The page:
12.209 From the earlier studies of radiation-induced mutations, made with fruit flies, it appeared that the number (or frequency) of mutations in a given population, i.e., the probability of the occurrence of mutations, is proportional to the total dose received by the gonads of the parents from the beginning of their development up to the time of conception. The mutation frequency appeared to be independent of the rate at which the radiation dose was received. The implication was that the damage to the gonads of the parents caused by radiation was cumulative with no possibility of repair or recovery. More recent experiments with mice, however, have shown that these conclusions must be revised, at least for mammals. When exposed to X rays or gamma rays, the mutation frequency in these animals has been found to be dependent on the exposure (or dose) rate at which the radiation is received. There are definite indications that some recovery can occur at low exposure rates and not too large total exposure (or doses).

12.210 For exposure rates greater than about 90 roentgens per minute, the incidence of radiation-induced mutations in male mice appears to be proportional to the total (accumulated) gamma-ray (or X-ray) exposure to the gonads; that is to say, the mutation frequency per roentgen is independent of the exposure rate.16 For exposure rates from 90 down to 0.8 roentgens per minute, however, the mutation frequency per roentgen decreases as the exposure rate is decreased. Finally, below 0.8 roentgen per minute, the mutation frequency per roentgen once again becomes independent of the exposure rate, but the value is only about one-third as large as at the high exposure rates (above 90 roentgens per minute). In other words, a given radiation exposure will produce roughly one-third as many mutations at low than at high exposure rates.

12.211 The exposure-rate effect in female mice, for radiation exposure rates of less than 90 roentgens per minute, is even more marked than in males. The radiation-induced mutation frequency per roentgen decreases continuously with the exposure rate from 90 roentgens per minute downward. At an exposure rate of 0.009 roentgen per minute, the total mutation frequency in female mice is indistinguishable from the spontaneous frequency. There thus seems to be an exposure-rate threshold below which radiation-induced mutations are absent or negligible, no matter how large the total (accumulated) exposure to the female gonads, at least up to 400 roentgens. Another important observation is that at the same high exposure rate of 90 roentgens per minute, the mutation frequency per roentgen at a total exposure of 50 roentgens is only one-third of that for a total exposure of 400 roentgens. The radiation-induced mutation frequency in female mice thus decreases both with decreasing exposure rate and with the total exposure, in the ranges studied.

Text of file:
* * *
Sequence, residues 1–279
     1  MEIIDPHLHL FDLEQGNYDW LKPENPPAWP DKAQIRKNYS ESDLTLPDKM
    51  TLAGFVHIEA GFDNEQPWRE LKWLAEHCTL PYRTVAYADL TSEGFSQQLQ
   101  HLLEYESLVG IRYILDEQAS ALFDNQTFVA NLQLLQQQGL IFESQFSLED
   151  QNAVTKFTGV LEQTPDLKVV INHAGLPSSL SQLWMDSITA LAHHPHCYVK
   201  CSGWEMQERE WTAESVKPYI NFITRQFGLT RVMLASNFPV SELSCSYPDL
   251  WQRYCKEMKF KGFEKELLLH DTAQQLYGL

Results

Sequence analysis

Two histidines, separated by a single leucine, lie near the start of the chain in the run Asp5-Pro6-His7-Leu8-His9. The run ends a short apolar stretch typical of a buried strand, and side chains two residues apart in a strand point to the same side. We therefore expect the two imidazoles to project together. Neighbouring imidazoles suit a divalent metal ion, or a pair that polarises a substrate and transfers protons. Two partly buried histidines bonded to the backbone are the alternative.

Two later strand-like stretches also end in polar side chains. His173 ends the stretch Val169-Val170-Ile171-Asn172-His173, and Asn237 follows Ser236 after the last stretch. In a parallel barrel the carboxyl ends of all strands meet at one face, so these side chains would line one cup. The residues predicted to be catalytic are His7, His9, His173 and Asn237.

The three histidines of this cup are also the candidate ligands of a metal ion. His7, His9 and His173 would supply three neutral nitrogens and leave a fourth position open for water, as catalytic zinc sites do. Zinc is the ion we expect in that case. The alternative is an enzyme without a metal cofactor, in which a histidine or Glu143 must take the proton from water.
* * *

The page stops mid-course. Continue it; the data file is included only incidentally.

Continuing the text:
12.212 For exposure to fission neutrons, no dose-rate effect has been observed for genetic mutations in male mice and only a small one in females. For large dose rates, equivalent to acute radiation exposures, the mutation frequency per rad of fast neutrons is five or six times as great as for gamma rays. It would thus appear that a RBE value of 5 or 6 should be applicable for genetic effects due to exposure to fast neutrons; but this is not strictly correct because the types of mutations induced in mice by neutron irradiation differ from those caused by X rays and gamma rays. Since there is virtually no dose-rate effect with neutrons, but a large one for X rays, the apparent RBE for neutrons becomes quite large at very low dose rates. This situation is, however, of limited interest in connection with weapons effects because neutron exposure can result only from the initial radiations and the dose rates are then in the high range.

12.213 A significant observation made with adult female mice is that a delay of at least seven weeks between exposure to a substantial dose of radiation, either neutrons or gamma rays, and conception causes the mutation frequency in the offspring to drop almost to zero. In males, on the other hand, a lengthening of the interval between exposure and fertilization of the female has little effect on the mutation frequency. It is to be noted that in this as well as other respects male and female mice exhibit different responses to radiation in the occurrence of genetic mutations. The reason is that in mice (and other mammals) the mechanisms for the development of male and female germ cells are quite different.